Controversy and the Rev. Ian Robins have been no strangers to each other during his remarkable 60 years as a Church of England priest.
He hit the headlines when he clashed with traditionalist bishops over his unwavering support for the ordination of women.
He also quit Trawden parish because he was tired of parents who wanted their children baptised but were unwilling to commit themselves to God.
And although he is now 84-years-old and not as mobile as he would like, his beliefs and principles are as strong as ever.
Parishioners will gather at Whalley Parish Church tomorrow morning (Sunday) to celebrate the diamond anniversary of what Mr Robins describes as “not a double act, but a triple act – God, myself and my wife, Gertrude.”
He says: “I could not have done it without her consistent help and support.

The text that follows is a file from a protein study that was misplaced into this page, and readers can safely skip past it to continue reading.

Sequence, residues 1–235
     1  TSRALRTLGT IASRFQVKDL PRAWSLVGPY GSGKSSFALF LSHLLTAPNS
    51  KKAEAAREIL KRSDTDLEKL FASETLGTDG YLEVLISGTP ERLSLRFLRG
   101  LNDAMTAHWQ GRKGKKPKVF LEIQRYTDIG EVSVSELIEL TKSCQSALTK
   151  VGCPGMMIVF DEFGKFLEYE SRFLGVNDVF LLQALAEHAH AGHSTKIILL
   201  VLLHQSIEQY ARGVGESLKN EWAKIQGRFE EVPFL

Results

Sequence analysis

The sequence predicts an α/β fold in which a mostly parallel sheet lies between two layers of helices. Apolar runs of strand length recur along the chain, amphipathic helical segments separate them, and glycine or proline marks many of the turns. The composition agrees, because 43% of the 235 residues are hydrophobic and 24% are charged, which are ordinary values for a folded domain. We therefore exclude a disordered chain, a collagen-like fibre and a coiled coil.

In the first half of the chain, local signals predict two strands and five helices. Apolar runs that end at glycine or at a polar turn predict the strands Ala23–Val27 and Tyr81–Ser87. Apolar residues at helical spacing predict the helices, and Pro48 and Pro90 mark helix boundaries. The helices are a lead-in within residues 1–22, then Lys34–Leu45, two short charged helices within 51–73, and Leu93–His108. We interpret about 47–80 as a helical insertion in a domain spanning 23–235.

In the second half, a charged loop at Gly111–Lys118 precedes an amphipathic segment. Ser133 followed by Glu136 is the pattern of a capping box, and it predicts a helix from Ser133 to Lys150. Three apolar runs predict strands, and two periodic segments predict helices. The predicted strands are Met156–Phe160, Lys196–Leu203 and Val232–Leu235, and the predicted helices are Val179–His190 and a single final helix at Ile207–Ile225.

“I have supported the ordination of women because I find it offensive to consider women as subordinate to men in carrying out God’s work.”
And talking about his baptism beliefs, Mr Robins added: “I never refused to baptise any child. I just wanted the parents to make a commitment.
“I was getting so many parents who had no contact with the church but were prepared to make the baptism promises, and I believe that promises ought to be meaningful.
“They needed to grasp that Jesus should be part of their lives in some way.”
Mr Robins’s father, the Rev. Donald Robins, was a vicar in Leeds and founded the St George’s Crypt rescue centre, which is still running today.
He said: “I used to sit and listen to his preaching. It was so full of the love of God.”
The young Ian trained for the Anglican priesthood, and at his first church as deacon, in St Anne’s, he met his wife-to-be, who was leading the youth group.
He was curate at St Mary’s Clitheroe, then for 10 years was vicar of Trawden until he left to become head of religious education at St Christopher’s C of E High School, Accrington.
He returned to parish work and since retiring from St Anne’s has deputised at numerous Ribble Valley churches.
He still takes services at both Whalley Parish Church and Whalley Abbey.